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Balance of Training/Teaching


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Greetings all, 

This is my first post on the forum. So id like to take the time to say hello! I am looking for the groups opinion and advice to a little problem/situation I have run into over the last few years. In the first handful of years training/fighting I spend the early mornings before my 8-5 office job for a jog/bag work/ solo training. Then its off to work then anther 1-3 hours of training with my teammates. I about 30 or so fights later I spend most of my time teaching classes and training the more greener and novice fighters. Lately I have been trying to find a balance to make my own training more of priory. The last 4 months I have been commuting into Chicago 2-3 days a week which is about a 1.5 hour commute both ways after work. That has become very exhausting task with many late nights. Lately its been hard to find a balance between teaching/training in my hometown and making a commute to try and upgrade my game. At times it steals the passion and true love I have for Muay Thai and Kickboxing  away from me.  I have taken a brief trip to Thailand after college about 3 years ago for a  handful of weeks I often dream about return for a longer period of time but life always seems to get in the way. 

Well there is my sob story. LOL 

Can anyone share any common experiences and have any advice or uplifting words of encouragement?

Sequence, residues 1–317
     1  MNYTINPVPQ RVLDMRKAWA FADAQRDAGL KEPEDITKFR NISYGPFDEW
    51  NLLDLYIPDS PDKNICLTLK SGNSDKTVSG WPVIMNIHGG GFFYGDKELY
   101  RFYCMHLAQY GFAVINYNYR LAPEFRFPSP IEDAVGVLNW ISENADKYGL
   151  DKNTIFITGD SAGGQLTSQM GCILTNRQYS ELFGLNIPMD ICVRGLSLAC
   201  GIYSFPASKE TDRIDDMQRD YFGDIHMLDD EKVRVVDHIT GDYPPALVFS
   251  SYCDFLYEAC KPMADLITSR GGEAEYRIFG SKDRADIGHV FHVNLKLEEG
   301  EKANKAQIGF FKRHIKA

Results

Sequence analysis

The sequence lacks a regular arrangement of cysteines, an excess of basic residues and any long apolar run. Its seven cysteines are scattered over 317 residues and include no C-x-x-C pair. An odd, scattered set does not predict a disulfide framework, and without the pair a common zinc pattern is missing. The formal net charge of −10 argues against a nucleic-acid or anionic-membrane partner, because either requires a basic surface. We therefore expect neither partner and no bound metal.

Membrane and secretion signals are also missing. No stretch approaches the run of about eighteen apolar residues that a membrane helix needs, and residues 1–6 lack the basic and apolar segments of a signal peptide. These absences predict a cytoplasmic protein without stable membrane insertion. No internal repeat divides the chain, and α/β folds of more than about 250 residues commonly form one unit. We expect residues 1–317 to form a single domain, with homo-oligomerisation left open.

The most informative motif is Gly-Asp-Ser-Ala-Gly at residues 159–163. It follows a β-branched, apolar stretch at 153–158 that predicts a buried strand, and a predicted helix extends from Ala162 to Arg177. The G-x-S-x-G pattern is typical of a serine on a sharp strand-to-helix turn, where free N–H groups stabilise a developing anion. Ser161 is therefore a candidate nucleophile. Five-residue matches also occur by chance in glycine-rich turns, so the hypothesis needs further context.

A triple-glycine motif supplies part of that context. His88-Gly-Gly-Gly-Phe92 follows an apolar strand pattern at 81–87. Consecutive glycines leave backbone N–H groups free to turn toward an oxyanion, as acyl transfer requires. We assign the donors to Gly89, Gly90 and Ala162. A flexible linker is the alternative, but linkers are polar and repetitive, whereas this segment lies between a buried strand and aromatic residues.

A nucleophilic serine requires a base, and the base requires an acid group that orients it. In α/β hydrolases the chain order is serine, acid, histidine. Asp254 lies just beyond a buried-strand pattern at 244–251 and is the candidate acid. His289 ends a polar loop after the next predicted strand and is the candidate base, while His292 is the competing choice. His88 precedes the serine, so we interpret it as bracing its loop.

Best!

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9 hours ago, MuayThaiRy45 said:

Can anyone share any common experiences and have any advice or uplifting words of encouragement? 

I just want to say, as someone who has supported Sylvie, and has been blown away by everything she is and does, my number 1 thing is, just commit, just dive in, just push every line. I'm serious. Every fight is precious, congrats on 30, but even well past 200 we savor every single one. Once fighting is done every one will be a gem in your mind, something taught in a way that nothing else can teach. I say - knowing nothing else - stop teaching, just push your training, save up, come to Thailand for 3 months, 6 months, a year. There is just nothing like it in the world. The country lives and breathes the art. It soaks into everyone. Motorcycle taxi drivers know more about Muay Thai than most western krus (no offense, it's just part of their fluency, their literacy). We overcame a lot to get here. We lived hours away from training. I recall us back in NY on one particularly bad winter's day driving literally 4 hours through the snow to get to a sparring session that lasted 15 minutes, and then 4 hours back. That's 8 hours of travel for 15 minutes of training. It was that bad. I just say you gotta take the jump, throw yourself at your passion. Go on a thin, thin budget, take extra work, and just get the hell to Thailand. Don't go to a bullshit camp, go to a living camp, and feel it. Kill yourself on the bags, the pads, get some fights. Stop training others. You are part way up a huge, huge mountain. When looking down at those below you you forget just how high you want to climb. Put your eyes up, up, up. 30 fights outside of Thailand is no joke. You're heart is in this.

 

note: the above is complete bullshit in the sense I don't know your life, and all the things that may feel very "complicated" to you, but it's my natural response to the feeling I get off of your post...so not bullshit at all.

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